Lord Masamune chose Mount Aoba for the location of his castle when he built it in 1600. Masumune is often depicted with his famous helmet featuring a moon crescent. Unfortunately the castle was destroyed by bombing during the war but the main wall was reconstructed and the site offers a great view of the city of Sendai. The Gokoku Shrine, which is affiliated to Tokyo’s Yasukuni shrine, is also located on site.
Kawagoe is known as little Edo since its old historical buildings are reminiscent of old Tokyo at the time it was named Edo. It was once a strategic location for trade with Tokyo. Kawagoe makes a perfect day trip from Tokyo and will please those who like to walk in a charming neighbourhood and sample local delicacies sold at the many food stalls and gift shops.
The Honmaru Residence is the only remaining structure of what was once the Kawagoe Castle. It used to serve as the lords residence and office. The building is now a museum that features a garden and several historical artefacts.
The god enshrined at the Fukurokujujin temple is known to bring happiness and prosperity. The temple features a “hidden” garden that is particularly beautiful in autumn.
The god of success, good fortune, business and mariage is enshrined at the Kumano shrine in Kawagoe. Visitors to Kumano can purify themselves by washing their coins in a special fountain. The most peculiar feature is perhaps the small passage leading to the shrine whose sides are covered by round stones. Those who venture on this path barefoot are in for a good massage!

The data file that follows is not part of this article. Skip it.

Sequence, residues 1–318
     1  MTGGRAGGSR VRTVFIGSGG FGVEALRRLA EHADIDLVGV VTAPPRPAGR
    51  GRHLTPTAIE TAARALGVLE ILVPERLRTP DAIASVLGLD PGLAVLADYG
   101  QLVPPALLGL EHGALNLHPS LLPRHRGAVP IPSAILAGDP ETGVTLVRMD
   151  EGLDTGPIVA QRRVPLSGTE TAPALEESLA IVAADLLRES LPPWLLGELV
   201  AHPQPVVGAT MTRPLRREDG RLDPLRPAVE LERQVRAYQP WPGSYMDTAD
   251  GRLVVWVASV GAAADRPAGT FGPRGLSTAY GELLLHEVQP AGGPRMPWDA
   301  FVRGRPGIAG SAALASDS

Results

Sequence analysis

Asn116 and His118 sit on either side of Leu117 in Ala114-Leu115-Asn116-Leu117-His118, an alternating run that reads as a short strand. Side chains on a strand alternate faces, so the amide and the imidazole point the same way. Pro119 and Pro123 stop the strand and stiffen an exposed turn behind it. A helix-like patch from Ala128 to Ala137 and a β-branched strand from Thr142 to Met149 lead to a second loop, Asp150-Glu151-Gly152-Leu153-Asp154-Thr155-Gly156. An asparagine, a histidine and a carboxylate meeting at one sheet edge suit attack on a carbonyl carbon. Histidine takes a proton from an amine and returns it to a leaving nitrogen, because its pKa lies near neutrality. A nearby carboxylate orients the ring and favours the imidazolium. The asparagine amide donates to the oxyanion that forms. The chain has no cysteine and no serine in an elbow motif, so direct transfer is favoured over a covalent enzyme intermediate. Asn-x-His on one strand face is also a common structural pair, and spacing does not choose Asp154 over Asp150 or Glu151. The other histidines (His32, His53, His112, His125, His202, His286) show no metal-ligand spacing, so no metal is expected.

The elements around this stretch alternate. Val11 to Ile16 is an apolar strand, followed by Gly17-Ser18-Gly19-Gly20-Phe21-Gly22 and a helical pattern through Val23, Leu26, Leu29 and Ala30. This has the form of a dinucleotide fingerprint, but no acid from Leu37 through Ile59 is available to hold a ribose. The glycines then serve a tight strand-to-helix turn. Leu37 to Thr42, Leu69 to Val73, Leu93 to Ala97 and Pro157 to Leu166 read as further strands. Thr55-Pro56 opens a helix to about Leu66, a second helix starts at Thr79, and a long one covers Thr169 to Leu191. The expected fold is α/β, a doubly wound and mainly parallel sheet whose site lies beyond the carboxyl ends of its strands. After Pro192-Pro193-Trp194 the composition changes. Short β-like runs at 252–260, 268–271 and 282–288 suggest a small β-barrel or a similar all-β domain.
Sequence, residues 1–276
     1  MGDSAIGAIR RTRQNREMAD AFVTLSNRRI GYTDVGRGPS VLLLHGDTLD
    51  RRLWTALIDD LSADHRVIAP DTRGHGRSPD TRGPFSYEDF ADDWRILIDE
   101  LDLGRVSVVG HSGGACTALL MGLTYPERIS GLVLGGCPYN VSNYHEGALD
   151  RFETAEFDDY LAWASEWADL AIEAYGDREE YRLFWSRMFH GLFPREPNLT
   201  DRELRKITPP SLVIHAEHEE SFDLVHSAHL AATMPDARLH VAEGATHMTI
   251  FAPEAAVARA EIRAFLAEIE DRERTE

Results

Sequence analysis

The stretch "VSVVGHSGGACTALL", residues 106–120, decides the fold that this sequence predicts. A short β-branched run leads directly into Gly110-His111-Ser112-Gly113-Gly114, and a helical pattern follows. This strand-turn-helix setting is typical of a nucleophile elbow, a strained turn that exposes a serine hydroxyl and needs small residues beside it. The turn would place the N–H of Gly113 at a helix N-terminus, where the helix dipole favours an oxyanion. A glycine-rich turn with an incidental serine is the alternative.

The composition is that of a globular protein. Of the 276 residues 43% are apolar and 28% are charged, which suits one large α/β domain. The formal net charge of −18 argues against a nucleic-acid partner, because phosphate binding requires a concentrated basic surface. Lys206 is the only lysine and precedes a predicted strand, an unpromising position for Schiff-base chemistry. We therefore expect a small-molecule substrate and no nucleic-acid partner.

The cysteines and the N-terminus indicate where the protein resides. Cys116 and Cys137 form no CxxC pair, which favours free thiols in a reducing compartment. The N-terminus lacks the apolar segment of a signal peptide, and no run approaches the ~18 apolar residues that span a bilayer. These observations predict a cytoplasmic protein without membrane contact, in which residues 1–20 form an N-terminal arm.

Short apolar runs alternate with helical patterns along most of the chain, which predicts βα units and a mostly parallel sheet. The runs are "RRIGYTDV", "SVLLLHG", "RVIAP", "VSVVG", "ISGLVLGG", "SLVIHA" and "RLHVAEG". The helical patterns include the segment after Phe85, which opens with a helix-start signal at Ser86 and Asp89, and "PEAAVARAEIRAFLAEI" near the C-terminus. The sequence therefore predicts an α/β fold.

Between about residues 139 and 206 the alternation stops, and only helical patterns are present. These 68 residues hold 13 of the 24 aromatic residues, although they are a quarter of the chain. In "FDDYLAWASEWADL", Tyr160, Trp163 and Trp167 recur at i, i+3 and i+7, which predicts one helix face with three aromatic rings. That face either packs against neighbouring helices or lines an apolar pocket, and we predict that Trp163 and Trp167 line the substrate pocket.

The Tamagawa Sengen Shrine is located on a small hill close to Tamagawa station. The shrine features a large observation deck overlooking the Tamagawa river so it a great place to have an overview of the region. One of the shrine’s altar has a large stone sphere that reminded me of the Dragon Ball manga, something I have seen only at the Tamagawa shrine.
The Kawasaki Daishi temple, also officially known as the Heikenji temple, is the most important temple of the city of Kawasaki. The street leading to the temple features many gift stores. Red darumas are among the favourite gifts. This street is also famous for its candies: to add to the festive atmosphere, candy makers cut the candies loudly with large knives in rythm with traditional Japanese music. We visited the temple in July during the wind chime festival when many chime manufacturers exhibit their art at the temple. It is also a great occasion to taste delicious Japanese street food at the many Yatai.
The village of Shukunegi was developped in the late 17th century and thrived from the shipbuilding industry. The skilled workmen used their skills to build their houses, sometimes in unusual ways. Many of these houses are preserved in Shukunegi. The village is made of narrow stone paths leading to beautiful historical houses. Visitors may also visit Shokoji temple wich is located behind the village.
The Uga Shrine is located on an island in the middle of Lake Nojiri. The only way to access it is by a taking a cruise boat from Nojiri city. The cruise does a brief tour of the lake before stopping on the Island. You can spend as much time as you like visiting the shrine since you can hop on subsequent cruises as well for the return trip.
The Ikushimatarushima Shrine dates from the 9th century. The main prayer hall is built on a small island in the middle of a pond and most of the structures are of the classic vermillion red which is used to decorate shrines throughout Japan. The shrine structures, water elements, and vegetation blend beautifully.